However, analysts said that the relatively small wage gap cannot be taken as confirmation that the Korean job market is transforming itself into a competence-oriented one. It is attributable mainly to the seniority-based wage system, from which blue-collar workers benefit more than white-collar employees, as they usually stay longer in the same job.
Experts say the widening gulf between the wages of workers at large and small companies should be tackled to reduce the country’s income inequality.
According to data released last week by the Small and Medium Business Administration, the average monthly salary paid by corporations with 300 or more employees in the first five months of this year amounted to about 5.14 million won ($4,589), compared to 3.17 million won for firms with five to 299 workers.
Small and medium-sized enterprises’ average pay fell from 65.8 percent of the average large company salary in 2003 to 64.8 percent in 2007. It was 62.0 percent in 2015 and 61.6 percent in the January-May period of this year.
A comparison based on purchasing power parity showed that US and Japanese employees at SMEs received 30 percent and 5 percent more than their Korean counterparts, respectively, while big US firms paid workers 14 percent less than large Korean companies and big Japanese firms paid 28 percent less.
Joo Young-sup, the SMBA head, said last week that Korea’s imbalanced wage system, which he described as far from global standards, was not sustainable.
This widening wage gap has turned SME employees’ sentiment against the strikes by unionized laborers at large companies.
In a survey of 500 SME workers conducted by the Korea Federation of Small and Medium Business (K-Biz) last week, more than 61 percent said walkouts by labor unions at large corporations were mostly inappropriate. They indicated higher wages obtained through labor strikes at major manufacturers would increase burdens on subcontractors in the form of lower delivery prices, further widening the wage gap.
Figures from K-Biz showed that the average wage at the country’s automakers amounted to 97 million won, compared to 47 million won for their primary suppliers and 28 million won for secondary suppliers.
Workers at Hyundai Motor Co
., Korea’s leading carmaker, recently voted down a tentative wage agreement with the management to raise their monthly base pay by 58,000 won in addition to giving 350 percent of the monthly payment and an additional 3.3 million won in performance incentives.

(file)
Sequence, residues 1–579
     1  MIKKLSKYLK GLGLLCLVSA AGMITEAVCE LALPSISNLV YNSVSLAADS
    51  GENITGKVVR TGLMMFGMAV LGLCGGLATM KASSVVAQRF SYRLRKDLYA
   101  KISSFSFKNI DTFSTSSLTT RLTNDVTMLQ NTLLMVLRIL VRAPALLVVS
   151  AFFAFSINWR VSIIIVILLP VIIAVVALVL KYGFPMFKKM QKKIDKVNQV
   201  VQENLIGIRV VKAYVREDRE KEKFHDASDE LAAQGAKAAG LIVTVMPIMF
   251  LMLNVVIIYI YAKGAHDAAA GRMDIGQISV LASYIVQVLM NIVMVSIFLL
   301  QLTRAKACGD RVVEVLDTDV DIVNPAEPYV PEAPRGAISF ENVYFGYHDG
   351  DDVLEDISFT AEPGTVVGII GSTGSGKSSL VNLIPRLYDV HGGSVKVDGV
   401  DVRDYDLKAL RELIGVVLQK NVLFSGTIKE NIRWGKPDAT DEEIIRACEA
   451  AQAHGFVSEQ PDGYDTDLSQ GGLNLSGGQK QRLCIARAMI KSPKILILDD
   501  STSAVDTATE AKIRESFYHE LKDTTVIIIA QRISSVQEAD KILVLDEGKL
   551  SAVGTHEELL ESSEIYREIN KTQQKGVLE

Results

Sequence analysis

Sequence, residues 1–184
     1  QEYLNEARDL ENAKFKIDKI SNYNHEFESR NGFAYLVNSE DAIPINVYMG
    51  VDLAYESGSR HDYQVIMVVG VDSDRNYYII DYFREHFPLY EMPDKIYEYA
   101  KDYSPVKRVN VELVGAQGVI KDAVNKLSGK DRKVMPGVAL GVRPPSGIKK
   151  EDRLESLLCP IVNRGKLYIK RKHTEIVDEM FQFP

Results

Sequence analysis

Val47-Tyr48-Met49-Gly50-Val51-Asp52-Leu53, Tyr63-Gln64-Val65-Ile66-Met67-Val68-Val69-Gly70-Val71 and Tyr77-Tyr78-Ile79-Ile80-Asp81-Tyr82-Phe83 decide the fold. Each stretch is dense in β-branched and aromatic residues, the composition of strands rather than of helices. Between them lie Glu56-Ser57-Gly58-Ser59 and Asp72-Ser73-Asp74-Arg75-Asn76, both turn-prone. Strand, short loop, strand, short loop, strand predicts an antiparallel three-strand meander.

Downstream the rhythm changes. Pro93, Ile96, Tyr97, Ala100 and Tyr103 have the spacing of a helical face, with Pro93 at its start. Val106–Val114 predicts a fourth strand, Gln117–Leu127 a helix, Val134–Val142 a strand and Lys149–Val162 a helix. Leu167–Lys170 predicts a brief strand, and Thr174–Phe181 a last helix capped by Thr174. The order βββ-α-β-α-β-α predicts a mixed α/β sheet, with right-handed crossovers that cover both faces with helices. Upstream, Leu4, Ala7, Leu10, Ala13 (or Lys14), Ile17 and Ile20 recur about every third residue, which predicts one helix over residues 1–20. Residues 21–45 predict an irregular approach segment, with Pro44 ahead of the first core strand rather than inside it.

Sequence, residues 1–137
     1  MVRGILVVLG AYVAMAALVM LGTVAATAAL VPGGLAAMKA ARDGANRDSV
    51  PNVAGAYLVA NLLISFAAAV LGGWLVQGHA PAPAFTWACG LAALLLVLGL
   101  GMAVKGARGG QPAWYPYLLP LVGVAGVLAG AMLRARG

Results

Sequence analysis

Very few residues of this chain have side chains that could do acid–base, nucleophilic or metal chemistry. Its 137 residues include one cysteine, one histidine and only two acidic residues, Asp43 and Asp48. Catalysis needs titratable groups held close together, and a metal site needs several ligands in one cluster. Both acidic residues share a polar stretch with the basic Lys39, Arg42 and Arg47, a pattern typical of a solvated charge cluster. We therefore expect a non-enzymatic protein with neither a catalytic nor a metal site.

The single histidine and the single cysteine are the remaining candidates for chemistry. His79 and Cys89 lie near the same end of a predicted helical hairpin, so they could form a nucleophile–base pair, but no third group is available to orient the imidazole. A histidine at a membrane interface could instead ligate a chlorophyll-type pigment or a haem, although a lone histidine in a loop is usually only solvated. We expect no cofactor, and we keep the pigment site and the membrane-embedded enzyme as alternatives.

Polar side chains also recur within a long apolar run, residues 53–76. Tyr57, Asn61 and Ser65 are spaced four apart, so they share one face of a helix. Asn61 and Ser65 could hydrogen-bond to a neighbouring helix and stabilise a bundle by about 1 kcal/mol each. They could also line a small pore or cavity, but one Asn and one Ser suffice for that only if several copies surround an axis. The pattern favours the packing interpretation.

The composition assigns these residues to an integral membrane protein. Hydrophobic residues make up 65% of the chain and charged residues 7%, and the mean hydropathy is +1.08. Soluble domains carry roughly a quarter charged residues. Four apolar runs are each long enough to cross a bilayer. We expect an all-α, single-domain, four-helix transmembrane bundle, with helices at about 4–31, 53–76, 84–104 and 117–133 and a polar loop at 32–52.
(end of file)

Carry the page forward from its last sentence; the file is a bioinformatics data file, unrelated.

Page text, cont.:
Joo, the SMBA chief, indicated that the current wages received by Hyundai Motor workers were 15 percent higher than those for their counterparts at Volkswagen in Germany and Toyota in Japan.
According to company officials, Hyundai Motor has suffered a production loss of 65,000 units so far this year due to 14 partial walkouts.
The widening wage gap also makes it harder for small and mid-size businesses to deal with their chronic manpower shortage.
Reflecting the growing sense of frustration among SMEs, Park Sung-taek, the chairman of K-Biz, recently called for the freezing of wages for employees of large corporations for five years. His appeal, however, seems to have been rejected by well-paying unionized laborers at major local companies.
The stagnant wages at small and mid-size firms, which hire nearly 90 percent of waged workers, are also responsible for a reduction in the proportion of income earned by the middle class.
Analysis of data from the National Tax Service showed the share of earnings for the middle 40 percent in total income fell from 32.5 percent in 2010 to 31.2 percent in 2014.
“It is necessary for the government to implement measures to expand financial support for employees at small and medium-sized companies,” said Kim Se-jong, president of the Korea Small Business Institute.
Experts say the widening wage gap between university and high school graduates suggests the advantages of a college diploma in the job market are gradually disappearing.
They note boosting wages for SME workers will accelerate this trend, helping reduce the proportion of high school graduates entering university, which remains above 70 percent, and settle the severe job mismatch that has distorted the country’s labor market.
By Kim Kyung-ho/The Korea Herald (firstname.lastname@example.org